Changing Behaviours – How Urban Spaces Can Preserve Natural Habitats
Urbanisation is slowly becoming one of the most problematic factors when considering the safety and protection of wildlife. With 66% of the world’s cities predicted to be considered ‘urban’ by 2050, it’s urgent that the expansion of cities resist encroaching upon natural habitats as much as possible.
By carefully planning and using strategic and innovative approaches, valuable ecosystems can be protected, and urban spaces can learn to preserve and support biodiversity.
How does urbanisation impact the ecosystem?
Unfortunately, with the ever-expanding rate of the population, urbanisation is one of the leading causes of biodiversity decline. Due to the need for flatter space, natural areas are the first to be used and transformed into smaller, disconnected patches that are just unable to support more complex ecological communities.
In the UK, a study revealed that 35% of plant species extinctions in urbanised cities were directly connected to population growth and urban development. In the US, it was found that 275 species had been endangered due to urbanisation, only strengthening the evidence that urbanisation is becoming increasingly harmful.
These findings highlight the detrimental consequences on biodiversity and underscore the urgent need for sustainable urban planning and conservation efforts to lessen further loss of species and their habitats.
One fundamental strategy in the action plan to preserve natural habitats is the promotion of green infrastructure. Cities are inevitably going to expand, meaning a significant increase in new budlings and architecture. By including an interconnected network of green spaces, there can be refuges for wildlife set up around the city. These spaces can also provide ecological connectivity and contribute to improved air and water quality.
These can include:
- Community Gardens: They allow residents to grow their own food whilst fostering a sense of community and helping to promote sustainable agriculture practices.
- Permeable Pavements: Replace traditional asphalt and concrete surfaces with permeable pavements that allow rainwater to soak into the ground, reducing runoff and replenishing groundwater.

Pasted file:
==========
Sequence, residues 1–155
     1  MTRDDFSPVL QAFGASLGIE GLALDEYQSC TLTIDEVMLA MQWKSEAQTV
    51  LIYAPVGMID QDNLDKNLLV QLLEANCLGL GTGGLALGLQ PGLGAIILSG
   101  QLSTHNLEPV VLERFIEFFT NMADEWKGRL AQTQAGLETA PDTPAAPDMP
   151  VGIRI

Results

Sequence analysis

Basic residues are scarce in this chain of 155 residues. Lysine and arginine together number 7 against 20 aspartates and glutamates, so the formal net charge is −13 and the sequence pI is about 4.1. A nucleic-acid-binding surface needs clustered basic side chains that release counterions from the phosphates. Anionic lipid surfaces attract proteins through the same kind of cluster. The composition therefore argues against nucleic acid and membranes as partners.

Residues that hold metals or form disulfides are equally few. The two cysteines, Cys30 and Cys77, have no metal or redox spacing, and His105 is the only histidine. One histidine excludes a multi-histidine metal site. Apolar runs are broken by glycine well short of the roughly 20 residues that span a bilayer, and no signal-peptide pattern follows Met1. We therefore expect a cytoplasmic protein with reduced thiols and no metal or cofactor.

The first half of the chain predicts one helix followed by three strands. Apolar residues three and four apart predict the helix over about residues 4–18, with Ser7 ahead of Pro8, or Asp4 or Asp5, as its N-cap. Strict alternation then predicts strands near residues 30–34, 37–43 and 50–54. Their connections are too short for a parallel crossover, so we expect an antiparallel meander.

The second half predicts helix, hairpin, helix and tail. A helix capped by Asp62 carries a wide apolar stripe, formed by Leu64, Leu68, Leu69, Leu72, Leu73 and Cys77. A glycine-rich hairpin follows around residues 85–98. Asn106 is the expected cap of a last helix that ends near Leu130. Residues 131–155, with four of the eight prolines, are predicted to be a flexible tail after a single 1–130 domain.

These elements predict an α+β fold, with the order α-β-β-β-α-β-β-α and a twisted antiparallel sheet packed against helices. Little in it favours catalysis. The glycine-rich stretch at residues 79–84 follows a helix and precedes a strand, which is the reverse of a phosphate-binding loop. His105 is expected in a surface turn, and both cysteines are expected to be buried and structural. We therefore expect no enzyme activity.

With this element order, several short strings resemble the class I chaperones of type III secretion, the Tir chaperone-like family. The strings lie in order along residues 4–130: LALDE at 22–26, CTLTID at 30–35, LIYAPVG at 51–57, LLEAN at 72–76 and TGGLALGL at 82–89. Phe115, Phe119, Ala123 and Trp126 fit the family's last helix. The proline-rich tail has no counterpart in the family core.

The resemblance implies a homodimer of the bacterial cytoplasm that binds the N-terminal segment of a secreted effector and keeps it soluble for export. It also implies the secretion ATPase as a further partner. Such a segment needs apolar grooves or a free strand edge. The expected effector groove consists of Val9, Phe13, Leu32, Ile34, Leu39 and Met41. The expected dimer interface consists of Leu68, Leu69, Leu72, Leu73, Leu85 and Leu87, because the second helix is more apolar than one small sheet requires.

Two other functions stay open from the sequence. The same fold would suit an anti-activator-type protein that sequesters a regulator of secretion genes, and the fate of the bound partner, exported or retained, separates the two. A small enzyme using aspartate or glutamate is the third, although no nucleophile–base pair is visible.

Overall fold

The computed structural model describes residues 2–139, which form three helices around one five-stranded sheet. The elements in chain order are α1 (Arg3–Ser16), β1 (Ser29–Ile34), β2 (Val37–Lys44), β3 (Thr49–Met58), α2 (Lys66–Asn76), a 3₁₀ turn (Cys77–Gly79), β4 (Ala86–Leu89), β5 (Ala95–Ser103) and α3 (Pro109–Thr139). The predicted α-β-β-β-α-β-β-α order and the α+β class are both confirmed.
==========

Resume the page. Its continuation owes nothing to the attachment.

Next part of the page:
- Rooftop Gardens: These can help to help alleviate the urban heat island effect by reducing the surface temperature of buildings, improving air quality, and decreasing energy consumption for cooling. They can also be useful for diminishing stormwater runoff.
By integrating green infrastructure into urban planning, we can create corridors that allow plants and animals to move freely, promoting biodiversity and ecosystem resilience.
Another fantastic opportunity to incorporate more greenery into the spaces is by planting native species back into the environment. Planting native trees, shrubs, and flowers can provide another natural source of food and shelter for wildlife, whilst helping to strengthen that web of interconnected ecosystems. When migrating season comes, birds can also use the plants as shelter.
Spreading awareness of these types of issues that often get swept under the tarmac can help to push the word out of the crisis at hand. Education and awareness campaigns promote a sense of responsibility and stewardship toward the environment.
By providing information about the importance of green infrastructure and its benefits, these campaigns can help individuals understand the impact of their actions on the ecosystem and motivate them to adopt more sustainable practices.
In order to keep any progress made on protecting natural habitats, there has to be some safeguarding measures in place to keep the green going. Sustainable energy sources like solar power can help take advantage of the natural resources at hand and can be adopted into green infrastructures.
For example, solar powered charging stations could help encourage people to visit parks and urban forests and appreciate what’s at stake. Many assume that solar power can only work effectively in the sunniest climates and that clouds block the power – this isn’t actually the case. Solar panels will still generate 25% of their power on the cloudiest of days, meaning you’ll always get use out of them.
Although urbanisation is inevitable, there are plenty of options and resources available to make sure that the natural habitat is not forgotten and can be kept as part of the city’s care.
Putting funding into educational campaigns, sustainable measures in building and advocating for the protection of natural spaces will help ensure that the homes of many wildlife species can remain in place, and biodiversity can work harmoniously.